Why Normalize the Tumor Vasculature

As described in Section 3.1, tumor vasculature is structurally and functionally abnormal. Blood vessels are leaky, tortuous, dilated, and saccular and have a haphazard pattern of interconnection (Figure 3.9). The endothelial cells lining these vessels have aberrant morphology; pericytes (cells that provide support for the endothelial cells) are loosely attached or absent; and the basement membrane is often abnormal—unusually thick at times, entirely absent at others. These structural abnormalities contribute to spatial and

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FIGURE 3.9 (See color insert following page 558.) Proposed role of vessel normalization in the response of tumors to antiangiogenic therapy. (a) Tumor vasculature is structurally and functionally abnormal. It is proposed that antiangiogenic therapies initially improve both the structure and the function of tumor vessels. However, sustained or aggressive antiangiogenic regimens may eventually prune away these vessels, resulting in a vasculature that is both resistant to further treatment and inadequate for the delivery of drugs or oxygen. (b) Dynamics of vascular normalization induced by VEGFR-2 blockade. On the left is a two-photon image showing normal blood vessels in skeletal muscle; subsequent images show human colon carcinoma vasculature in mice at day 0, day 3, and day 5 after administration of VEGR2-specific antibody. (c) Diagram depicting the concomitant changes in pericyte and basement membrane coverage during vascular normalization. (d) These phenotypic changes in the vasculature may reflect changes in the balance of pro- and antiangiogenic factors in the tissue. (Reproduced from Jain, R.K., Science, 307, 58, 2005. With permission.)

FIGURE 3.9 (See color insert following page 558.) Proposed role of vessel normalization in the response of tumors to antiangiogenic therapy. (a) Tumor vasculature is structurally and functionally abnormal. It is proposed that antiangiogenic therapies initially improve both the structure and the function of tumor vessels. However, sustained or aggressive antiangiogenic regimens may eventually prune away these vessels, resulting in a vasculature that is both resistant to further treatment and inadequate for the delivery of drugs or oxygen. (b) Dynamics of vascular normalization induced by VEGFR-2 blockade. On the left is a two-photon image showing normal blood vessels in skeletal muscle; subsequent images show human colon carcinoma vasculature in mice at day 0, day 3, and day 5 after administration of VEGR2-specific antibody. (c) Diagram depicting the concomitant changes in pericyte and basement membrane coverage during vascular normalization. (d) These phenotypic changes in the vasculature may reflect changes in the balance of pro- and antiangiogenic factors in the tissue. (Reproduced from Jain, R.K., Science, 307, 58, 2005. With permission.)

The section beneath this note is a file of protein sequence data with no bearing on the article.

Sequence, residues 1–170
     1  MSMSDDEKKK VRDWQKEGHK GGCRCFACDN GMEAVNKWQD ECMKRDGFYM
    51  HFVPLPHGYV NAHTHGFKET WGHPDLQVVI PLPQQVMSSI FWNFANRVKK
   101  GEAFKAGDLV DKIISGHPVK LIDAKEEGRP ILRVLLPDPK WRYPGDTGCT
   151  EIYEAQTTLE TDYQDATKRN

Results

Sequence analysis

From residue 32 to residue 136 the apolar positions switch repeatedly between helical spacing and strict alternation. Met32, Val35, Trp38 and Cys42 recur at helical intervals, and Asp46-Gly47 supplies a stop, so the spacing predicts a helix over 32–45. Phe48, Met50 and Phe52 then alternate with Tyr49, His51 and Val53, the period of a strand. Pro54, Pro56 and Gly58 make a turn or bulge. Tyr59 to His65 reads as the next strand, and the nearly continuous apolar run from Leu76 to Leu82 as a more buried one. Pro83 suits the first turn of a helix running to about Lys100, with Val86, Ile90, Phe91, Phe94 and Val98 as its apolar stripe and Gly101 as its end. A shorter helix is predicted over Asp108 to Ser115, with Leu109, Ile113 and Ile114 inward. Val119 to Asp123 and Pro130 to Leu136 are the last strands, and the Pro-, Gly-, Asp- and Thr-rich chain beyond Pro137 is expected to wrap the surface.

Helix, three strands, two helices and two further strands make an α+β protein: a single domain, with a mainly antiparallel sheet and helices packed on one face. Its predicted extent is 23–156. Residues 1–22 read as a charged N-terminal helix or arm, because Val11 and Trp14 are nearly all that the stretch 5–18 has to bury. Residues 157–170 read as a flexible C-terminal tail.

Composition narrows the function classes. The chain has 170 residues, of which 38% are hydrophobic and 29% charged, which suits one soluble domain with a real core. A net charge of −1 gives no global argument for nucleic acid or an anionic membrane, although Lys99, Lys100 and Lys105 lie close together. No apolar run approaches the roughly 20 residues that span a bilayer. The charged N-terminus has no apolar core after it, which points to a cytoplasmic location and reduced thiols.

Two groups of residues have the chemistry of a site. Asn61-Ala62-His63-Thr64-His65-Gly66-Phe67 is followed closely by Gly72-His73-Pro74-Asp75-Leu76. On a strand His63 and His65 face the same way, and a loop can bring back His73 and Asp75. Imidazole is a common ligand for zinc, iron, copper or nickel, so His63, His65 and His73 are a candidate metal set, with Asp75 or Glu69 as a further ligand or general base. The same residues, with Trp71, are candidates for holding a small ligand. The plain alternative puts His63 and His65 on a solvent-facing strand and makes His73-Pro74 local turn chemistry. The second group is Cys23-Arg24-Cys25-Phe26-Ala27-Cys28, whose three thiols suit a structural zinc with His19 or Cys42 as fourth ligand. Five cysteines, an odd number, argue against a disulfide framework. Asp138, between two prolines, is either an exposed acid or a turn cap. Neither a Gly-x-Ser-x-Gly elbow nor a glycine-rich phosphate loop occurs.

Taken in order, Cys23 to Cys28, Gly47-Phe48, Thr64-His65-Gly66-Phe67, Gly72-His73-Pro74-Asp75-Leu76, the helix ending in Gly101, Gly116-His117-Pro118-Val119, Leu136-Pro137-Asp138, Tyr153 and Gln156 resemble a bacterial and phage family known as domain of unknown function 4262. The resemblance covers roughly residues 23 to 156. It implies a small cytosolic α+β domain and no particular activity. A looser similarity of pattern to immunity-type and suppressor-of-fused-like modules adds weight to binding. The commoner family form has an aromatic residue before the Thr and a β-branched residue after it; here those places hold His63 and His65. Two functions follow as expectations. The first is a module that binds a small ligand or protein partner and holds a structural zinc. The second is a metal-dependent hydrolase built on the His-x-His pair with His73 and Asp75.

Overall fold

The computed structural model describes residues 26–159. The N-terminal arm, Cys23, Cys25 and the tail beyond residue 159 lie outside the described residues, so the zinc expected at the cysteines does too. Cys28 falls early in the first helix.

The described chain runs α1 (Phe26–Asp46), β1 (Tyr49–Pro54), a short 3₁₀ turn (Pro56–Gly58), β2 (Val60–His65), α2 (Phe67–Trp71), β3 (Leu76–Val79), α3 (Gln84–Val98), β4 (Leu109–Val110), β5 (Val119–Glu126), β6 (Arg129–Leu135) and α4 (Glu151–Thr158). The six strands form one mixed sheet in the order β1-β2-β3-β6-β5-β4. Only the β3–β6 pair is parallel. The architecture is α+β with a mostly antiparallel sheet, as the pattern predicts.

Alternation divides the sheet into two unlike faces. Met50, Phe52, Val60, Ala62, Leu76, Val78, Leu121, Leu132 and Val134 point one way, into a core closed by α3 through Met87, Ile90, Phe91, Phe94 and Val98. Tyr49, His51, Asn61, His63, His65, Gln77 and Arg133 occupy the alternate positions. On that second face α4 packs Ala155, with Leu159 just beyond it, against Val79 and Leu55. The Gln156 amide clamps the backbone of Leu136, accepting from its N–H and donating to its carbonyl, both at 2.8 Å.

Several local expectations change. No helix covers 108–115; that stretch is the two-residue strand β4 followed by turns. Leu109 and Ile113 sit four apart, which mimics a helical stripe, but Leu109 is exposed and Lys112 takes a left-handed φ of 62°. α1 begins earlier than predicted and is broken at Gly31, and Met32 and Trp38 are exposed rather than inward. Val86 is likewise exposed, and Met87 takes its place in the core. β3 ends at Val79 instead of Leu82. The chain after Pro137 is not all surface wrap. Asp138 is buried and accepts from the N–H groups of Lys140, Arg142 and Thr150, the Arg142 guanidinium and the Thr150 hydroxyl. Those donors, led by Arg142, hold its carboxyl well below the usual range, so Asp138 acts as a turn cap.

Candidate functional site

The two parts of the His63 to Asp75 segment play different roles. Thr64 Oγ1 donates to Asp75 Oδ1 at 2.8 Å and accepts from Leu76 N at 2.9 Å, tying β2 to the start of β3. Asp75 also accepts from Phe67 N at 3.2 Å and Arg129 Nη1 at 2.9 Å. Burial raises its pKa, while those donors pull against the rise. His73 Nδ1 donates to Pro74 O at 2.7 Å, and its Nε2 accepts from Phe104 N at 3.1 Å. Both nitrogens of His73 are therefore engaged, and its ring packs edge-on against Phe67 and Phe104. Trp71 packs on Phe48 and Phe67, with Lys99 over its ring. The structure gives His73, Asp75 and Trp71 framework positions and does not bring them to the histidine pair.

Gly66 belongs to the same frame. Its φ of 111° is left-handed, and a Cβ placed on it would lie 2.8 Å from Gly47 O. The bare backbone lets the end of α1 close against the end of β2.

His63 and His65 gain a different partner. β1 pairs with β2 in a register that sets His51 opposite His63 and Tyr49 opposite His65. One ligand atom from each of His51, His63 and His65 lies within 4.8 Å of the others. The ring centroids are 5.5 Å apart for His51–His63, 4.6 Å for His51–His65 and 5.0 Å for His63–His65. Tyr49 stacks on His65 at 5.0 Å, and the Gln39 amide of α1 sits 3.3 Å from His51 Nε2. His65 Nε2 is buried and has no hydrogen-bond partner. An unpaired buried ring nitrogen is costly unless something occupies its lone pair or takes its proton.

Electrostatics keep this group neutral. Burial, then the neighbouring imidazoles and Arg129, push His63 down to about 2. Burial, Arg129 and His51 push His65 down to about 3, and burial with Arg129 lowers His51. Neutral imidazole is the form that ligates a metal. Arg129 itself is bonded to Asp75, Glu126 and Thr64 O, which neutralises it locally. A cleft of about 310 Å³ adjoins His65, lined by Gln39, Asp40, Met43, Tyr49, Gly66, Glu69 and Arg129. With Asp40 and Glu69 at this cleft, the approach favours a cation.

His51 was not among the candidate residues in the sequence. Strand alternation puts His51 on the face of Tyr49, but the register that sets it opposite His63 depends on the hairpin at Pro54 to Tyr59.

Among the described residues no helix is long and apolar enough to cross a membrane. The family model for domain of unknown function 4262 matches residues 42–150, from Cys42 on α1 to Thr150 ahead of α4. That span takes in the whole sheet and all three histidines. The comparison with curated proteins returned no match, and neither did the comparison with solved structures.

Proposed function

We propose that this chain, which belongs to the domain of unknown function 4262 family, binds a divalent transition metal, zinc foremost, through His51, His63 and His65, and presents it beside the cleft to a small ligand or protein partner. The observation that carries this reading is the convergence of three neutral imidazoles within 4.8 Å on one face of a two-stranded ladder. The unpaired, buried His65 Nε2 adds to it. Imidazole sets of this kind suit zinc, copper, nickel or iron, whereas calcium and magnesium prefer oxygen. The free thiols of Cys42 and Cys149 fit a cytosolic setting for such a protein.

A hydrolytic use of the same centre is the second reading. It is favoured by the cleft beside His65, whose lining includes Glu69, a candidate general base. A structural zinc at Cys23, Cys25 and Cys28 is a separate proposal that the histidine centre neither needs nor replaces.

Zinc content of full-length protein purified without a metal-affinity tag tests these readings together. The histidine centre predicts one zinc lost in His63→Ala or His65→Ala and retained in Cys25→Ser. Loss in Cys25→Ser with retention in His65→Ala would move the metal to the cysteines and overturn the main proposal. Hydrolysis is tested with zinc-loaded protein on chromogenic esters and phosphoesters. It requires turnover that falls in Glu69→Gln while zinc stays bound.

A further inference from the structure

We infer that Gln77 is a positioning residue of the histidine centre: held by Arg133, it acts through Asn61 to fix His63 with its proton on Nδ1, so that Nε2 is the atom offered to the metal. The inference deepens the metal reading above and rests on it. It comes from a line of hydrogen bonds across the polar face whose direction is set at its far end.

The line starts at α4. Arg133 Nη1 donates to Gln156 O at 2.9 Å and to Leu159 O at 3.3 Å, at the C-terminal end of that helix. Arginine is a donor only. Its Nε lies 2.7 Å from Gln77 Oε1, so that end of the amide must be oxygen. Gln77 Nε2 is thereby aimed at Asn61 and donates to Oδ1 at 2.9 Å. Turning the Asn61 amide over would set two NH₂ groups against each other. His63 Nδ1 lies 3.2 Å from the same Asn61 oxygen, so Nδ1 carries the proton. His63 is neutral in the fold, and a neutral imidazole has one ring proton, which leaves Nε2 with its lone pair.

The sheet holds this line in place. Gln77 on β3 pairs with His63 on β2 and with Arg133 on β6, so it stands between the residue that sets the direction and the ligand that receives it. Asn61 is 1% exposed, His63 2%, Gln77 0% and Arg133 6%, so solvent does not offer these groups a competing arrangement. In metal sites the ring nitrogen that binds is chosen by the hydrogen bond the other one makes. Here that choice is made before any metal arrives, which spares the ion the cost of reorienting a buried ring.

temporal heterogeneity in tumor blood flow. In addition, solid pressure generated by proliferating cancer cells compresses intratumor blood and lymphatic vessels, which further impairs not only the blood flow but also the lymphatic flow [29]. Collectively, these vascular abnormalities lead to an abnormal tumor microenvironment characterized by interstitial hypertension (elevated hydrostatic pressure outside the blood vessels), hypoxia, and acidosis. Impaired blood supply and interstitial hypertension interfere with the delivery of therapeutics to solid tumors. Hypoxia renders tumor cells resistant to both radiation and several cytotoxic drugs. Independent of these effects, hypoxia also induces genetic instability and selects for more malignant cells with increased metastatic potential [30]. Hypoxia and low pH also compromise the cytotoxic functions of immune cells that infiltrate a tumor. Unfortunately, cancer cells are able to survive in this abnormal microenvironment. In essence, the abnormal vasculature of tumors and the resulting abnormal microenvironment together pose a formidable barrier to the delivery and efficacy of cancer therapy. This suggests that if we knew how to correct the structure and function of tumor vessels, we would have a chance to normalize the tumor microenvironment and ultimately to improve cancer treatment. The fortified tumor vasculature may also inhibit the shedding of cancer cells into the circulation—a prerequisite for metastasis. In the past, higher doses of drugs and hyperbaric oxygenation have been used to increase the tumor concentrations of drugs and oxygen, respectively. These strategies have not shown much success in the clinic, however. One reason for this failure is that tumor vessels have large holes in their walls [129]. As stated earlier, this leakiness leads to interstitial hypertension as well as spatially and temporally nonuniform blood flow. If the delivery system is flawed, it does not matter how much material is pumped into it. The drugs and oxygen become concentrated in regions which already have enough and still not reach the inaccessible regions [130]. However, if we fix the delivery system, more cells are likely to encounter an effective concentration of drugs and oxygen. This is the rationale for developing therapies that normalize the tumor vasculature. These therapies do not merely increase the total uptake of drugs and oxygen but also distribute these molecules to a larger fraction of the tumor cells by fixing the delivery system.

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